Various planning-based know-how logics have been proposed and studied in the recent literature. In this paper, we use such a logic to do know-how-based planning via model checking. In particular, we can handle the higher-order epistemic planning involving know-how formulas as the goal, e.g., find a plan to make sure p such that the adversary does not know how to make p false afterward. We give a PTIME-algorithm for the model checking problem over finite epistemic transition systems and axiomatize the logic under the assumption of perfect recall.
In this paper, we propose a lightweight yet powerful dynamic epistemic logic that not only captures the distinction between de dicto and de re knowledge but also the distinction between de dicto and de re updates. The logic is based on the dynamified version of an epistemic language extended with the assignment operator borrowed from dynamic logic, following the work of Wang and Seligman (2018). We obtain complete axiomatizations for the counterparts of public announcement logic and event-model-based DEL based on new reduction axioms taking care of the interactions between dynamics and assignments.
Abstract. In standard epistemic logic, knowing that p is the same as knowing that p is true, but it does not say anything about understanding p or knowing its meaning. In this paper, we present a conservative extension of Public Announcement Logic (PAL) in which agents have knowledge or belief about both the truth values and the meanings of propositions. We give a complete axiomatization of PAL with Boolean Definitions and discuss various examples. An agent may understand a proposition without knowing its truth value or the other way round. Moreover, multiple agents can agree on something without agreeing on its meaning and vice versa.
Abstract: Recent years witnessed a growing interest in non-standard epistemic logics of knowing whether, knowing how, knowing what, knowing why and so on. The new epistemic modalities introduced in those logics all share, in their semantics, the general schema of , e.g., knowing how to achieve roughly means that there exists a way such that you know that it is a way to ensure that Moreover, the resulting logics are decidable. Inspired by those particular logics, in this work, we propose a very general and powerful framework based on quantifier-free predicate language extended by a new modality x, which packs exactly x together. We show that the resulting language, though much more expressive, shares many good properties of the basic propositional modal logic over arbitrary models, such as finite-tree-model property and van Benthem-like characterization w.r.t. first-order modal logic. We axiomatize the logic over S5 frames with intuitive axioms to capture the interaction between x and know-that operator in an epistemic setting.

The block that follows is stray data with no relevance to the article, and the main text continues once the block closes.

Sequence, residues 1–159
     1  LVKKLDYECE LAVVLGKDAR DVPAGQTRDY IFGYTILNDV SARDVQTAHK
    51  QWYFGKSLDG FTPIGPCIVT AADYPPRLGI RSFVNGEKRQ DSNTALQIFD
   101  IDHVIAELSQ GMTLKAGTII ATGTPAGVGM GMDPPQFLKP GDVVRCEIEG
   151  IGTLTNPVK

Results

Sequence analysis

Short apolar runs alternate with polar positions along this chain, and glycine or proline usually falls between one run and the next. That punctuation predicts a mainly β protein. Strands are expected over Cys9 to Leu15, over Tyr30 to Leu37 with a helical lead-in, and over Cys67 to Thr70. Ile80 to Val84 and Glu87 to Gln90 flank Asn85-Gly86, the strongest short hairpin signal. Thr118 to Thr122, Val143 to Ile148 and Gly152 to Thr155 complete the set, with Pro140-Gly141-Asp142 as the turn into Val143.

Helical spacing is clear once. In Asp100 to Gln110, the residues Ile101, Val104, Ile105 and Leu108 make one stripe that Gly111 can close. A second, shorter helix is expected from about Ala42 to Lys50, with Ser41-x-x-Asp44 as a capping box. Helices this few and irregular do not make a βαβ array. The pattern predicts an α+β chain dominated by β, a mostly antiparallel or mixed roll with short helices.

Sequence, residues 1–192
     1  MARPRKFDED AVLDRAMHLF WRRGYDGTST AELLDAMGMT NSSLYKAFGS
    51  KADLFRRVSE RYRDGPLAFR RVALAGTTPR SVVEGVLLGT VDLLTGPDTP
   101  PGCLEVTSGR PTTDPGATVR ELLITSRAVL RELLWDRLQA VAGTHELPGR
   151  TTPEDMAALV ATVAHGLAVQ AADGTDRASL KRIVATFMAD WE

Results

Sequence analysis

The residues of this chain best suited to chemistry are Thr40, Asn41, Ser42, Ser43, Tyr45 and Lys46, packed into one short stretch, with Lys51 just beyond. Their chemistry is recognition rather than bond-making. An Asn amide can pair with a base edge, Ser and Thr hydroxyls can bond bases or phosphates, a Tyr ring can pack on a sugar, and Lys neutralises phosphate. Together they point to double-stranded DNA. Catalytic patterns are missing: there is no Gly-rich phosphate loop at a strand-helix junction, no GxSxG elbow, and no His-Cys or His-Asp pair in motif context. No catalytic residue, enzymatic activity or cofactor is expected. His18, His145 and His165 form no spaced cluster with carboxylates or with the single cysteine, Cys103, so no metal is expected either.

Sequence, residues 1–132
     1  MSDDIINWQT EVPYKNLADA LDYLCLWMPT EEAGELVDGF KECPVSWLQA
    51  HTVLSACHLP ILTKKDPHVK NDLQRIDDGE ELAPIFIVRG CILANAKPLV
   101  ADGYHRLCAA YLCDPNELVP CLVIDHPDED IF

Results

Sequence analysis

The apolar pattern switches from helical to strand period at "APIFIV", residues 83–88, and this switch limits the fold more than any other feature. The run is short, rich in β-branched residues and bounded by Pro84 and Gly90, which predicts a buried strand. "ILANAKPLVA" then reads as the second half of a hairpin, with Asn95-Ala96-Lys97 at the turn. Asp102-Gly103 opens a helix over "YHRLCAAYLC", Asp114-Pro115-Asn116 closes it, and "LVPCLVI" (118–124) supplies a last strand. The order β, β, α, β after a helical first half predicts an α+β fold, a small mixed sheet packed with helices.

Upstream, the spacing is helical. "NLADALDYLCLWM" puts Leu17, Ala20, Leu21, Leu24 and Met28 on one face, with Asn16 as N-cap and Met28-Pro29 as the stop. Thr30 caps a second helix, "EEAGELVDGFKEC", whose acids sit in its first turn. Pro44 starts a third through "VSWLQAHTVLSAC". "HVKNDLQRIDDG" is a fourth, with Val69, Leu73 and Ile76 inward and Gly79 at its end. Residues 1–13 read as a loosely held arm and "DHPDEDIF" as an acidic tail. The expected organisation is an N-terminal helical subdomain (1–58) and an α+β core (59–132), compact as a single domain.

Abstract: In this paper, we introduce a lightweight dynamic epistemic logical framework for automated plan-ning under initial uncertainty. We reduce plan verification and conformant planning to model check-ing problems of our logic. We show that the model checking problem of the iteration-free fragment is PSPACE-complete. By using two non-standard (but equivalent) semantics, we give novel model checking algorithms to the full language and the iteration-free language.
When agents know a protocol, this leads them to have expectations about future observations. Agents can update their knowledge by matching their actual observations with the expected ones. They eliminate states where they do not match. In this paper, we study how agents perceive protocols that are not commonly known, and propose a logic to reason about knowledge in such scenarios.
Abstract. Epistemic protocols are communication protocols aiming at transfer of knowledge in a controlled way. Typically, the preconditions or goals for protocol actions depend on the knowledge of agents, often in nested form. Informal epistemic protocol descriptions for muddy children, coordinated attack, dining cryptographers, Russian cards, secret key exchange are well known. The contribution of this paper is a formal study of a natural requirement on epistemic protocols, that the contents of the protocol can be assumed to be common knowledge. By formalizing this requirement we can prove that there can be no unbiased deterministic protocol for the Russian cards problem. For purposes of our formal analysis we introduce an epistemic protocol language, and we show that its model checking problem is decidable.